•Begins review, mass release of detainees
The Department of State Security (DSS) has released about seven Ijaw youths from Bayelsa State who were arrested two years ago and locked up in the organization’s cell without trial.
Sources revealed that the men were on Saturday set free in Yenagoa, Capital of the South South State.
The latest move is in line with the promise by the Acting Director -General of DSS, Mr. Mathew Seiyefa, to review cases of all detainees in its custody. He had already appointed a face and substantive Spokesman for the shadowy Nigeria’s Secret Police in complete departure from the policy of his sacked predecessor, Mr. Lawal Daura.
Seiyefa had told reporters at his maiden press conference two weeks ago that he would review the cases of detainees with a view to setting free those who are not supposed to be held.
In line with this new drive, a Bayelsa State and journalist, Mr. Jones Abiri also regained freedom after two years in detention.
The report by The Nation noted that seven Bayelsa men were brought from the DSS Headquarters in Abuja to Yenagoa at the weekend and released to their families who had gathered outside the agency’s office in the state capital to receive them.
Some of the suspects shed tears of joy in the warm embrace of their friends as they walked into freedom.
The suspects looked unkempt with overgrown beards, rough skin and dirty clothes.
One of them, who identified himself as Clinton Ohaigbofa, said suspects held without trial were being massively released across the country.
He hails from Ebedebiri in Ogbia Local Government Area.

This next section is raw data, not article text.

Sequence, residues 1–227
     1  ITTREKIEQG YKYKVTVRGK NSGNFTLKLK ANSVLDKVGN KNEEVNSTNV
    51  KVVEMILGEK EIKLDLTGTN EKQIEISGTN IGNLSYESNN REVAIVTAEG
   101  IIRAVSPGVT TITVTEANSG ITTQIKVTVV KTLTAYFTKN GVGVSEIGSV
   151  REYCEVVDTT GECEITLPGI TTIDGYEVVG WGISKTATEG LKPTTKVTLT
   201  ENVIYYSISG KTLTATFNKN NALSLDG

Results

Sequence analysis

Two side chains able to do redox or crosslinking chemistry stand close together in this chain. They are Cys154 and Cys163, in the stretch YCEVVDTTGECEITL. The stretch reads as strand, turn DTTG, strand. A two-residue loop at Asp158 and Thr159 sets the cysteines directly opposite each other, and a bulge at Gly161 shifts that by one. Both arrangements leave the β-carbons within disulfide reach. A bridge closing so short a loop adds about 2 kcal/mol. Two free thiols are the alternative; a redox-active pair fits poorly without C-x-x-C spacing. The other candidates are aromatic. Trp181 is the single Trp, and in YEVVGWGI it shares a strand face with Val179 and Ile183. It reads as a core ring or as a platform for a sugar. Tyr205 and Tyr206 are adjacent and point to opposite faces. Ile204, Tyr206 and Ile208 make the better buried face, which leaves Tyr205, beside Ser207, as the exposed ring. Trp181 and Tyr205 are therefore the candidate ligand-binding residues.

He said they were held in underground cells in Abuja and went through untold hardship.
They were never charged to court, he said.
Narrating how they landed in DSS detention, he said: “We didn’t do anything. We were arrested on May 24th, 2016. We were taken to the JTF headquarters in Opolo and were later transferred to DMI, Abuja.
“After interrogation, we were transferred to Defence Intelligence Agency. On August 26, 2016, we were transferred to the Department of State Service, Abuja. We stayed there for over two years.”
Reliving their ordeals in the DSS cell, he said: “They treated us badly. We were held in an underground cell. They gave us little bread in the morning, little rice in the afternoon and a morsel of semovita in the evening.
“Each portion of food cannot satisfy a two-year-old baby. They deprived us of everything. They didn’t even take us to court. There was no freedom to even see light. They subjected us to severe punishment. They kept us hungry and deprived us of medication. Suspects are being released massively because of the new DSS boss. I don’t know the actual number released so far. But we thank the new DSS boss.”
Credits| The Nation